Origins of Tea and Tea Ceremony in Japan
The practice of boiling herbs and tea leaves for consumption was first recorded in China around the 3rd century, but it was not introduced to other Asian countries until the 9th century. It’s hard to believe that it didn’t actually become popular in Japan until the 12th century; when “Matcha” (finely powdered green tea) started being used for buddhism ceremonies. However it was a century later that “tea tasting” parties became a status symbol for the samurai and lords of feudal Japan and gained widespread popularity.
Tea as an art form
From the buddhist ceremonies to the tea tasting parties held by the warrior class of Japan, tea became an art form. For the untrained eye, it looks like someone making tea deliberately slow, but everything from the decoration and layout of the room, to the tools used, the temperature of the water, to the movements performed have a reason or a meaning.
To be a “tea master” it takes many years of study and practice. A minimum of two years is required before performing Tea Ceremony for guests as a host. Hosts today are predominantly women, but Tea Ceremonies were first performed by men and as such, there is still a school of hosts that perform the “Samurai style” tea ceremony, in which movements are still graceful, but have roots in martial arts. Fascinating right?
Where can you experience a Tea Ceremony?
Today, Tea Ceremonies can be found throughout the world. One common place to experience it outside of Japan is through Botanical Gardens. Most gardens have a Japanese Tea house and host ceremonies. Places with large Japanese communities will also have tea ceremonies hosted by an organization.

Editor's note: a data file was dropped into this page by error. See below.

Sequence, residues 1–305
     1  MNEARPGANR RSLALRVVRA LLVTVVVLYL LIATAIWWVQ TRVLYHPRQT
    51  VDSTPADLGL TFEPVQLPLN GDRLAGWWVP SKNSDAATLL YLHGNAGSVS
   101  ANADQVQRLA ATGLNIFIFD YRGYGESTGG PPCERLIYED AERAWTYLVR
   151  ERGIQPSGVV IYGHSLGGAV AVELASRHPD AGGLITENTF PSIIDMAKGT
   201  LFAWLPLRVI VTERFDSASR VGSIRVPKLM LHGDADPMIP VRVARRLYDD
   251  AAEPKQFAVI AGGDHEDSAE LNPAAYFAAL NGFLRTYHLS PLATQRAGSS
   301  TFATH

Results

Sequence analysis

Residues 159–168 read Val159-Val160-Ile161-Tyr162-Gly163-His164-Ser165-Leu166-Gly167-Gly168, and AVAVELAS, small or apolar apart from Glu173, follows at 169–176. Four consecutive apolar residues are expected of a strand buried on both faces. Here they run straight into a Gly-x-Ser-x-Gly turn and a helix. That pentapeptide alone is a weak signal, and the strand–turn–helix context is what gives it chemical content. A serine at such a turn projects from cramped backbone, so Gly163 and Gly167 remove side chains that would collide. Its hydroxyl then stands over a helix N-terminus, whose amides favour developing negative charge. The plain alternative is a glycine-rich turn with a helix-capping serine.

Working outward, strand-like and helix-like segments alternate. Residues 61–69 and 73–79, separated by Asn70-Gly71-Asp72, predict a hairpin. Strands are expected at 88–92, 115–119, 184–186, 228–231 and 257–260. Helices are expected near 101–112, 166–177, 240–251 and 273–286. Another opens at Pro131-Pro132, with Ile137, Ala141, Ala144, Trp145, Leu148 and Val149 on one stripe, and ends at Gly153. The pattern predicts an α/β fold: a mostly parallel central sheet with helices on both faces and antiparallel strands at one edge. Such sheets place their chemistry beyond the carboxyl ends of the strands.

Although you can get a pretty good introduction to Tea Ceremony around the world, there is no place to experience it like in Japan, and Kyoto is one of the best cities to do it. Kyoto was the Imperial capital of Japan for more than a thousand years and was also the birthplace of “Matcha” in Japan. Until this day, it is said to have the best green tea in the country.
There are several places in Kyoto to experience a traditional Tea Ceremony. I chose Camellia and was so happy I did. The ceremony was performed in an intimate setting with two other guests. The host explained the art and started the performance. We were then instructed on how to make our own tea and how to drink it, followed by a sweet treat and a good chat. Everyone at Camellia was incredibly welcoming and answered about a thousand of my questions. I wanted to stay there for hours. It was one of the best experiences I had in Japan.
If you are in Kyoto, check them out. Here is their website.
Have you attended a Tea Ceremony? Would you consider it in your future travels?